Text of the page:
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In an attempt to deflect from the impeachment inquiry of President Donald Trump, Rudy Giuliani showed up to a TV interview waving documents and making allegations about Ukraine, Joe and Hunter Biden and the whistleblower at the center of the impeachment inquiry.
ABC This Week host George Stephanopoulos pushed back on Giuliani’s accusations, saying there was evidence to contradict what Giuliani was saying.
"OK. Well, then investigate it," Giuliani said during the Sept. 29 interview. "Maybe I'm wrong."
We found that Giuliani’s claims were inaccurate, unproven or needing context. He did not return a request for comment.
This is unproven. We found no evidence showing that the Obama administration asked the Ukrainians to produce false information in 2016.
Biden met with former Ukraine President Petro Poroshenko on Jan. 20, 2016, to discuss the importance of moving forward with Ukraine’s anti-corruption agenda, according to a two-sentence summary of the meeting.
There was another meeting that month in Washington between Ukrainian investigators and American officials to discuss coordinating their anti-corruption efforts, according to an April 2019 opinion article in The Hill by John Solomon. But there’s no evidence that the Americans asked for false information during that meeting.
We couldn’t find the affidavits that Giuliani is talking about, and he didn’t respond to our request for them.
Giuliani made this point after telling Stephanopoulos that, in November 2016, Ukrainians came to him with information regarding an individual who "illegally gave the Clinton campaign information."
We don’t know exactly what Ukrainians might have told Giuliani back in 2016. There are media reports that highlight how Ukrainian officials did want Hillary Clinton elected, because they perceived her as more anti-Russia than Trump, but there is no proof "they were colluding" with her campaign.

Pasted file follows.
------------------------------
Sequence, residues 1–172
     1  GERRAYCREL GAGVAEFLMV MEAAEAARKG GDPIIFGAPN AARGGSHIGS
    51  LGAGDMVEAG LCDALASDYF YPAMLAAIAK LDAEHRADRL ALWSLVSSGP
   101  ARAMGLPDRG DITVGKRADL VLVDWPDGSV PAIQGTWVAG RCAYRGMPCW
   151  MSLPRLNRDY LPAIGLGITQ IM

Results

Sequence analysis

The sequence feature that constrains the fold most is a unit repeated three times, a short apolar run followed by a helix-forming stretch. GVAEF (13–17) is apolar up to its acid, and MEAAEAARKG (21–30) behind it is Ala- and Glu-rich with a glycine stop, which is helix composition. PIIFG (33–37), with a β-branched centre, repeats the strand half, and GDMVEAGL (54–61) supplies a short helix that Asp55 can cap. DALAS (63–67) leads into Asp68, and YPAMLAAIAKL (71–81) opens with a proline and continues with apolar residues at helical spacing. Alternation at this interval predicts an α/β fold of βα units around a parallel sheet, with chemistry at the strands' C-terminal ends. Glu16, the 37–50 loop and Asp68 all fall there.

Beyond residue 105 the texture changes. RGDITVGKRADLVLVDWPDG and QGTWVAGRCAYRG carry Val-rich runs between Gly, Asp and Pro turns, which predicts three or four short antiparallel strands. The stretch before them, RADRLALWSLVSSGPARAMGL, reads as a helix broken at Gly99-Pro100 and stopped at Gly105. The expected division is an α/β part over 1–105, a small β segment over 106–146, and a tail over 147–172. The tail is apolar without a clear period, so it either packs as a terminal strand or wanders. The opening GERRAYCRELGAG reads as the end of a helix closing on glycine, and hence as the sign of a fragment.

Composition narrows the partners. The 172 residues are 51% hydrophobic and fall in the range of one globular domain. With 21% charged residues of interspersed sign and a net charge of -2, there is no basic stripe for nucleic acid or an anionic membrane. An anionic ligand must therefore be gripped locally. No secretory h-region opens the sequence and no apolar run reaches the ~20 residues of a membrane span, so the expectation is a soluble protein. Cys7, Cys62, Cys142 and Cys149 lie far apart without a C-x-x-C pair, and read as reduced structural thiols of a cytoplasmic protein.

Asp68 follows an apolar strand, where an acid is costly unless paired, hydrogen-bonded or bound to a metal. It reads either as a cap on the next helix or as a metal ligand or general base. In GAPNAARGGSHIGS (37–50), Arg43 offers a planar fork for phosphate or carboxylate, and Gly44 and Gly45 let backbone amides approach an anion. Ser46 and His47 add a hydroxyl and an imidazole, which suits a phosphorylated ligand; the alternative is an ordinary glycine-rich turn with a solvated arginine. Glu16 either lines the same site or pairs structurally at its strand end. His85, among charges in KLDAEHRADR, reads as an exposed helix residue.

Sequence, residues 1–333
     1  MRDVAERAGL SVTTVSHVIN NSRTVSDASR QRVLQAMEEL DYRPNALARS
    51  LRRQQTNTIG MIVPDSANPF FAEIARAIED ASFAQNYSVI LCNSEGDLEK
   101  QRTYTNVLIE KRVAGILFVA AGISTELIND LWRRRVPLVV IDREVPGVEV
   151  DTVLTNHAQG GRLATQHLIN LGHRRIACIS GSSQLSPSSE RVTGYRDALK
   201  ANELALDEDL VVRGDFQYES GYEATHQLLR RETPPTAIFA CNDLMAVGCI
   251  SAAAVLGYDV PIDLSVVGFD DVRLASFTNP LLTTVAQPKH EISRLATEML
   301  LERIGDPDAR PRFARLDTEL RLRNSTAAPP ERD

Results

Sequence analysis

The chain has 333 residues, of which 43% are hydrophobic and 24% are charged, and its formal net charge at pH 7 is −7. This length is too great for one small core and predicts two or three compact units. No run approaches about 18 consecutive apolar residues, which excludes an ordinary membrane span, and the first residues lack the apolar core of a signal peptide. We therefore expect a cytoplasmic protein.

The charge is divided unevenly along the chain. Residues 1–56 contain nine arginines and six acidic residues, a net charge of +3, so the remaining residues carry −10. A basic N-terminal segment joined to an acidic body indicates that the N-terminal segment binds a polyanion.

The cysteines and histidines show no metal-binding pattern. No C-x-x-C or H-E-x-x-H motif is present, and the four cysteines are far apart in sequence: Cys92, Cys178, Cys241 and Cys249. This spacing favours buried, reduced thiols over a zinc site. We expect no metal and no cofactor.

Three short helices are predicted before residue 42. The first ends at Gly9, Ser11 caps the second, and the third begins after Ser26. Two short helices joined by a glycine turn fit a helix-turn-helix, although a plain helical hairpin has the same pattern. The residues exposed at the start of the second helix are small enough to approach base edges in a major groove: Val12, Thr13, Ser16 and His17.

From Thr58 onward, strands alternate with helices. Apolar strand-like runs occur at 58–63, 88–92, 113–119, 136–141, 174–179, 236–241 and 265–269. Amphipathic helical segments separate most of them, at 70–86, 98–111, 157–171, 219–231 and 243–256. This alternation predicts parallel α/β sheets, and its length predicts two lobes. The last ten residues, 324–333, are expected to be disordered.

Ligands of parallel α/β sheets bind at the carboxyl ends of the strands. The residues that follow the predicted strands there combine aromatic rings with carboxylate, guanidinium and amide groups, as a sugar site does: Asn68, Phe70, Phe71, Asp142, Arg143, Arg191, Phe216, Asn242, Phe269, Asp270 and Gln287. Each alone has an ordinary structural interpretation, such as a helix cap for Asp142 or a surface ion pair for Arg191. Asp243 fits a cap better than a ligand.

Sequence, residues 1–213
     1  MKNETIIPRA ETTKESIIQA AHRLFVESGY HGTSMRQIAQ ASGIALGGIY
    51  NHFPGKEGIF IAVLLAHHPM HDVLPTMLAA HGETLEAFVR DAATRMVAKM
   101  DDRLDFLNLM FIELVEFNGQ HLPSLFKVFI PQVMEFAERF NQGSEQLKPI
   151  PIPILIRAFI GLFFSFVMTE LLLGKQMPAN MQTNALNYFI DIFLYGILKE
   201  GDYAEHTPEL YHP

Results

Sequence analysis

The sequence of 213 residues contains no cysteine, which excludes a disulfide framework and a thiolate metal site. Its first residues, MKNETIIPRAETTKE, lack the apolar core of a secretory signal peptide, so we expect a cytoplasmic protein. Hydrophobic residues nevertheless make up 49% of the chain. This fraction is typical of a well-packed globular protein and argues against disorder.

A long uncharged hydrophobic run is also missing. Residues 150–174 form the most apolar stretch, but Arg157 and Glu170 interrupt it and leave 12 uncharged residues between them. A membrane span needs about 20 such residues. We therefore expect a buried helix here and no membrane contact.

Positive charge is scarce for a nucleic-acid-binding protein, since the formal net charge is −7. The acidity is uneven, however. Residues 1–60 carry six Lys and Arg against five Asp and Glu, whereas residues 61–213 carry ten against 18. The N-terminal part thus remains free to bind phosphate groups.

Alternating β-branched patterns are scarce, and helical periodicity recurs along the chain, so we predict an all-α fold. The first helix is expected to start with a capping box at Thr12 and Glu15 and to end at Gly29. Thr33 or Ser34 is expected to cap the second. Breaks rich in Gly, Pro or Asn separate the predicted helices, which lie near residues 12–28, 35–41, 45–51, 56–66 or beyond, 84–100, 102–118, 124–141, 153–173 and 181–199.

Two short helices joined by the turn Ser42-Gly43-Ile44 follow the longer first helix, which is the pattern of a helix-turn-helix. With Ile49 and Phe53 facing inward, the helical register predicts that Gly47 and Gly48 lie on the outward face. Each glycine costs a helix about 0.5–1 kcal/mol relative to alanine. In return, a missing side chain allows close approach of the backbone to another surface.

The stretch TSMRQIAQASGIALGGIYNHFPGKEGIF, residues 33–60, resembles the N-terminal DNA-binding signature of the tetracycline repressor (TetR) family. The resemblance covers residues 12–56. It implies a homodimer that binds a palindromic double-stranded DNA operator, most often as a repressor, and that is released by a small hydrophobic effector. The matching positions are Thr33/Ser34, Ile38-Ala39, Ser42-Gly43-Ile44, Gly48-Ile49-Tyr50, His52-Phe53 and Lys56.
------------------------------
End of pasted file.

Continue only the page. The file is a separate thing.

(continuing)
Politico in January 2017 reported that Ukrainian government officials tried to boost Clinton’s chances of winning the election by publicly questioning Trump’s fitness for office, disseminating documents implicating Paul Manafort (Trump’s former campaign manager) in corruption, and working with a Democratic National Committee contractor to dig up dirt about Trump and his advisers.
DNC and Clinton campaign officials have denied working directly with the Ukrainian government. (Here’s our story detailing the differences and similarities between Trump and Russia, Clinton and Ukraine.)
Giuliani didn’t respond to our questions, but we found what appears to be a notarized affidavit from Shokin dated Sept. 4, 2019 — at odds with Giuliani’s six months online reference. It doesn’t say that Hunter Biden was the direct target of an investigation.
Shokin claimed he was forced out because he was "leading a wide-ranging corruption probe into Burisma Holdings." Hunter Biden joined Burisma’s board of directors in spring 2014. (Here’s some background on Shokin’s ouster in 2016.)
Shokin’s affidavit said then-Ukrainian president Petro Poroshenko on several occasions asked him to "have a look at the criminal case against Burisma and consider the possibility of winding down the investigative actions in respect of this company, but I refused to close this investigation. Therefore, I was forced to leave office, under direct and intense pressure from Joe Biden and the U.S. administration."
It’s unclear whether Burisma was actively under investigation by Shokin. Vitaliy Kasko, who had been Shokin’s deputy overseeing international cooperation, told Bloomberg that the investigation was dormant.